The rind is encrusted with rosemary, fennel seeds, juniper berries, and topped with a chile. The paste is soft, creamy, herbal and slightly olivey making it a great addition to any French cheese board collection. When left to age, mold begins to develop on the outside, giving it a stronger nuttiness and floral finish. Esthetically it’s a beautiful creation, and an even tastier add-on to a Mediterranean theme dinner, or paired as a side with olives, peppers, tomatoes and a lighter red! We occasionally get some in, so stay tuned and we’ll let you know!

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The Canadian Cheese Awards

Taste of Cheese & La Ferme take part in The Canadian Cheese Awards!

Cheese of the year, Baluchon!

Cheese of the year, Baluchon!

Last week, The Canadian Cheese Awards took place in the North building at the St.Lawrence Market. Taste of Cheese and La Ferme Black River were an official sponsor, and had the opportunity to meet with many of the award winning cheese makers and had a moment to share their insight about the awards with CTV!

Baluchon, from Fromagerie FX Pichet Sainte-Anne-de-la-Perade, Quebec was named the grand winner as cheese of the year or as it’s called in French ‘fromage d’exeption’, yet with 16 other categories in place there were some other exceptional cheeses that came out on top from across Canada!  Louis d’Or  from Fromagerie du Presbytere, Quebec definitely stood out, taking three awards that night. ‘Best Firm Cheese’ (aka alpine style), ‘Best Raw Milk Cheese’ and ‘Best Quebec Cheese’.  This is super tasty creation has nutty and fruity notes which are very close in relation to its European cousins, Comte and Gruyere. So, it’s no wonder that it was awarded in three categories!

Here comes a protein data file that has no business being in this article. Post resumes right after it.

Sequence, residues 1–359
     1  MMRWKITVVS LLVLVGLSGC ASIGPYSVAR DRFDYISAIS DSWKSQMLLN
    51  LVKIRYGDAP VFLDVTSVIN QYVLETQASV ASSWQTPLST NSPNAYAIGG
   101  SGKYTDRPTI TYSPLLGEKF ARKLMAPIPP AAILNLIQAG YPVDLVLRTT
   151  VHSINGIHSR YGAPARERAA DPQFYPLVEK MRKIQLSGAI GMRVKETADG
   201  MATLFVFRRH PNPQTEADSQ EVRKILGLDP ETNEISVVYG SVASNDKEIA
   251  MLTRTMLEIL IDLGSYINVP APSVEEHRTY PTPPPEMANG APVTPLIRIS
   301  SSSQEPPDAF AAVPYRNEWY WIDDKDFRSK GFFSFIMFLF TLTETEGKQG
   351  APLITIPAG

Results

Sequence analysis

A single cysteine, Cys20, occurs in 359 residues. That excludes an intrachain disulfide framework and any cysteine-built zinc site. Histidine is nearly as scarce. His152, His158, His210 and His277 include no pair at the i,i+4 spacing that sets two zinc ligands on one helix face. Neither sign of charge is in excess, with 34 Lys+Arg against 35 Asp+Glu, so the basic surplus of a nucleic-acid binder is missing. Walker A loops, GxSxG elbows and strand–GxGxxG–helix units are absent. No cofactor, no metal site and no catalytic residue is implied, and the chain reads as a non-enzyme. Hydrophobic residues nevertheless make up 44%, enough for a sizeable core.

Two cheddar’s stood out and were a pair of close combatants, one winning ‘ Best Mild/Medium Cheddar’, Cheddar Ile-aux-Grues from S.C.A Isle-aux-Grues, L’Isle-aux-Grues, Quebec. An overall smooth cheddar aged for 9 months, and makes a great staple cheese to have on any cheese board. With Cows Creamery, Extra Old Cheddar out of Charlottetown PEI, aged for one year, faired well in two categories, ‘Best Old Cheddar’ and ‘Best Atlantic Canadian Cheese’. From the producers of the old world style cheddar, Avonlea Clothbound, Cows Creamery does an excellent job in cheddar production and demonstrates this with its full bodied extra old cheddar!

Rang de Iles, Medard!

Rang de Iles, Medard!

As to softer cheeses, Rang des iles from Fromagerie Medard in Saint-Gedeon, Quebec took the ‘Best Mixed Rind Cheese’. A younger cheese  aged for only 30 days, has a with a hint of sweetness and mushrooms, making it a great cheese for those who like a milder approach to cheese. Magie de Madawaska won ‘Best Soft Cheese/Bloomy Rind Cheese’, it’s a perfect cheese for those that want something a touch stronger in a soft cheese, and a bit similar in nature  to the European great, Munster Alsace. Earthy, meatier and a clearly present mushroom tone!

For the full list of winners in each category check out this link here. We’d love to hear your opinion on the awards, find us on Twitter, or Facebook and let us know your thoughts! With so many delicious award winners to choose from, we’re sure to pick out a few of the key winners and hopefully provide them in your next cheese delivery over the next couple months!

 

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BEAUTIFUL FOOD – OR IS IT ART??